If you have been under a rock, most of the main stream media has been pre-occuppied with irrational distortions of issues (from The Tea Party’s “media” party in DC to economic rebirth in New York City’s lower bowels). Sometimes it is just best to place the physical facts before us – unaltered and clear.
The old Burlington Coat Factory building (now referred to as the Cordoba House) is just one of many on the intersection of Tribeca, The World Trade Center and City Hall. It’s really an eyesore. Nine years since the horrific destruction caused by ignorance, intolerance and flat out hate, the neighborhoods though are finding new ways to revitalize. The economic downturn has not left New York City immune. A quick look in either direction lets you know that vacancy is the next worry on folks minds given our national and local economies.
Yet with the massive amounts of investment already at play at Ground Zero and in the periphery, there really is little to worry unless the major developers go belly up. Some projects like the Forest City Ratner – Frank Gehry inspired Beekman Tower are filling the skyline.
Gehry’s first residential high rise extends his global use of “draped metal”. It’s aesthetic quality is an architectural link to his nearby and global based installations (IACs West-side highway headquarters, Seattle’s EMP to The Guggenheim Bilbao come to mind). As the final skin is fastened on at Beekman, the impact for the work force becomes obvious. What next?
The debate down a few blocks reaches to the local union worker and office worker alike. Without investors and developers willing to take a chance – buildings will stay boarded up and lack the interest of redevelopment. Certainly no one can argue for projects illegally financed or illegally owned. In America a parcel can be bought and sold at a market rate. Park51’s owner legitimately owns the property and, as we are witnessing, has to ensure the community accepts his proposed use along with it’s financing. To deny on grounds of religion would simply mean other religious facilities (mosques, synagogues and churches and the like) would not be possible in other communities either. And when properly funded – the economic engine which fuels each and everyone of us as Americans can link our mindful co-existence. Such co-existence, peaceful, is only right when the party across the way is lawful and mindful. Tolerance should be rewarded while ignorance and hate should be smothered out quickly.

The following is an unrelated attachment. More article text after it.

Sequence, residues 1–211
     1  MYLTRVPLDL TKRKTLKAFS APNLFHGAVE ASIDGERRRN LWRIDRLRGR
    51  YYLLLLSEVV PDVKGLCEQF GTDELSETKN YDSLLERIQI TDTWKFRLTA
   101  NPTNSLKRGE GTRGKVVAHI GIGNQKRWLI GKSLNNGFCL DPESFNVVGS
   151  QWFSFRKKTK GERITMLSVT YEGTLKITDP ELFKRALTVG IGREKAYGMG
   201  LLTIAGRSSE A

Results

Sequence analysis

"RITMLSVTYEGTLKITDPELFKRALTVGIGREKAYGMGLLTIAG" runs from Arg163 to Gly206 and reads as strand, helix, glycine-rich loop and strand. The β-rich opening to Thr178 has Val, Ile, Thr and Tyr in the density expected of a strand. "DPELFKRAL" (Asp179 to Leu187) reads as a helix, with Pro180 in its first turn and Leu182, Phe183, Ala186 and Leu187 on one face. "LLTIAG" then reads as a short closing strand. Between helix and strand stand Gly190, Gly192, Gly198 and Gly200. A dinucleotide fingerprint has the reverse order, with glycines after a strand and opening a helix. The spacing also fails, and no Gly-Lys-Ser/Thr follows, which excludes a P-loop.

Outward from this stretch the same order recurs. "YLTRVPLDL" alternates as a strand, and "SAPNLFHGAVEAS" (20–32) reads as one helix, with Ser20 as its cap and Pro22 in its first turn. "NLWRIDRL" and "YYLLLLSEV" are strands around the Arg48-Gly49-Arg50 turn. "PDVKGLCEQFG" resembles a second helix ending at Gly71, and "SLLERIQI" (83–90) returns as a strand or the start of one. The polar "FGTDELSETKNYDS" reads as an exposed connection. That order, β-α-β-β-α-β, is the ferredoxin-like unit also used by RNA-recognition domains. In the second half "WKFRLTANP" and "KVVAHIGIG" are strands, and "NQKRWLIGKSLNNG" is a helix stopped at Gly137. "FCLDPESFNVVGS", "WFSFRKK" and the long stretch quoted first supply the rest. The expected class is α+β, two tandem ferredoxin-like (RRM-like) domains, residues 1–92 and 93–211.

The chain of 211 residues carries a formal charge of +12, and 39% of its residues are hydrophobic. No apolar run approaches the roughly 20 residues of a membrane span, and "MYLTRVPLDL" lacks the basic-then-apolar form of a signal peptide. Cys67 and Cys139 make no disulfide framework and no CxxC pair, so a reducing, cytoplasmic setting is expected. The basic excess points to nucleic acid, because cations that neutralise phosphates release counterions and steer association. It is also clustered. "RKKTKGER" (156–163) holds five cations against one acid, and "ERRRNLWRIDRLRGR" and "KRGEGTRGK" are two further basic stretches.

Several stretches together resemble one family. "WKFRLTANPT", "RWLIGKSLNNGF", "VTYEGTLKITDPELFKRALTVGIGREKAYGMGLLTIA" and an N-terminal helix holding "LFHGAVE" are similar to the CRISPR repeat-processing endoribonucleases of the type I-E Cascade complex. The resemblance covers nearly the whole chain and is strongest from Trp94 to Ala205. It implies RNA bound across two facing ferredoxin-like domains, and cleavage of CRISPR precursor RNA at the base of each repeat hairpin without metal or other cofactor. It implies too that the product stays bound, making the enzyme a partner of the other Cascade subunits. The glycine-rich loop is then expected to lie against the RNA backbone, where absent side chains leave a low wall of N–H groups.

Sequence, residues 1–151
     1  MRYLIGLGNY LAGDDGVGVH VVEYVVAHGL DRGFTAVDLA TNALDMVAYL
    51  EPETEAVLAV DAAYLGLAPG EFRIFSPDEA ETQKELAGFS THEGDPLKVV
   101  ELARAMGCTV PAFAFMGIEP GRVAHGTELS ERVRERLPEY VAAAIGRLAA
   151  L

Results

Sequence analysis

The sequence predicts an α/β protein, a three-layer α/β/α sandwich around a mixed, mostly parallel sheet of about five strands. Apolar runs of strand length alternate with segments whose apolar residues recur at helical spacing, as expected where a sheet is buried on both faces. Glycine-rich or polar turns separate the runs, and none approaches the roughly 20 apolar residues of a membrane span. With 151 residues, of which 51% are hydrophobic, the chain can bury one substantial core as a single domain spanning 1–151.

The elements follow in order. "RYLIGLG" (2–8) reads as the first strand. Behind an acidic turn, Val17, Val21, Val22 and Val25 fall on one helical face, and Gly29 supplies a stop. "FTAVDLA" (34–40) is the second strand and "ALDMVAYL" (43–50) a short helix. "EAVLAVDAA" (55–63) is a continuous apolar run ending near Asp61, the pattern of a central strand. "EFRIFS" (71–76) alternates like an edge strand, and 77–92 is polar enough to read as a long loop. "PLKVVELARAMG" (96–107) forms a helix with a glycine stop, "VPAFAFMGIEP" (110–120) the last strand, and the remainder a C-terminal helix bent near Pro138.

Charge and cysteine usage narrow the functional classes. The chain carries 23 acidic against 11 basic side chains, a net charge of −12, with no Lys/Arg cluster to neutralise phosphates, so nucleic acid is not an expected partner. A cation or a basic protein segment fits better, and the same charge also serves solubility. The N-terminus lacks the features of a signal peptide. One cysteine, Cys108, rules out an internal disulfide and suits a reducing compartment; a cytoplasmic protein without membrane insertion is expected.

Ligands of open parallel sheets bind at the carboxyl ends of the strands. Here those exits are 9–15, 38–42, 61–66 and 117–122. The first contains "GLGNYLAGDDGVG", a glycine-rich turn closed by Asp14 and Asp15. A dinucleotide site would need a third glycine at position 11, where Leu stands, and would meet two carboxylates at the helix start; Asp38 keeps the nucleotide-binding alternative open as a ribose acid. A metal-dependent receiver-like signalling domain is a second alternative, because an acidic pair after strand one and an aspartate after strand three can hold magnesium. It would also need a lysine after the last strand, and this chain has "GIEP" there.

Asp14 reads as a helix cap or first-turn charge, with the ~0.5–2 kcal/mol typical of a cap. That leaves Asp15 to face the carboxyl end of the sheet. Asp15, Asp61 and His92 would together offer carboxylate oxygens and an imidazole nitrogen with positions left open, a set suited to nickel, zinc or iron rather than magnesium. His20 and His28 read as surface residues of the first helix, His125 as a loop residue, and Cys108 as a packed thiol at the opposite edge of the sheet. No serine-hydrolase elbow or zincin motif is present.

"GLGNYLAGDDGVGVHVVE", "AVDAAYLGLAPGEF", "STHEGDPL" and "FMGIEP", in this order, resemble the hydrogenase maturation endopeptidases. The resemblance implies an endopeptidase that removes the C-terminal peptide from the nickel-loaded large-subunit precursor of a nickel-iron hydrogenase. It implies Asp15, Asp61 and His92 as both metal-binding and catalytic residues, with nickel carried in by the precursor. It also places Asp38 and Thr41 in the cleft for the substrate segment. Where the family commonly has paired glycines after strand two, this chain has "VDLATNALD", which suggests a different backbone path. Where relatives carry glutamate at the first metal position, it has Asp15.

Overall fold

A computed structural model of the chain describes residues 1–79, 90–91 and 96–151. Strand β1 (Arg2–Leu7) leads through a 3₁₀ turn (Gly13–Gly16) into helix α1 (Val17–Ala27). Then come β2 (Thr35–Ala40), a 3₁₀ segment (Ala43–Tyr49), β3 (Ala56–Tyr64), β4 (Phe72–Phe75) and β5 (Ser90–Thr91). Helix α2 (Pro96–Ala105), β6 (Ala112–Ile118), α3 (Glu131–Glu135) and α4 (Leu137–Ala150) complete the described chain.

In 1996, a Denver radio station (KBPI) had a few disc jockeys who blurted hatred into the airwaves when a professional basketball player dishonored the city, team and respectful Americans by not rising to our national anthem. That was his right as a citizen – maybe questionable as a public figure. Muhammad Ali set the example in the 60’s and, as a professional athlete, Rauf was far from a trend setter. Yet the DJs challenge was to retaliate with a bugle and trumpet rendition of The Star Spangled Banner inside the Colorado Islamic Center on the outskirts of Denver. The fierce nature of September 11 was yet known – but the message remains the same.
Expression is a freedom uniquely protected in America. It enlivens us to understand our own perspective. Like a new structure – from a sculpture to a building – it engages us to think about meaning and impact on our lives. The American DJs and collaborators were immediately reprimanded because they had illegally entered a private building. Today, two blocks away from Cordoba, workers rightfully now use biodiesel fueled cement trucks to fill each new floor of World Trade Center 1. The American pride poured into each work day should not be lost by foolishly arguing for a building that, with it’s own means, may or may not become a reality. The structure should gloriously demonstrate it’s presence because it is well thought out, elegant and acts as an energizing force in it’s own right.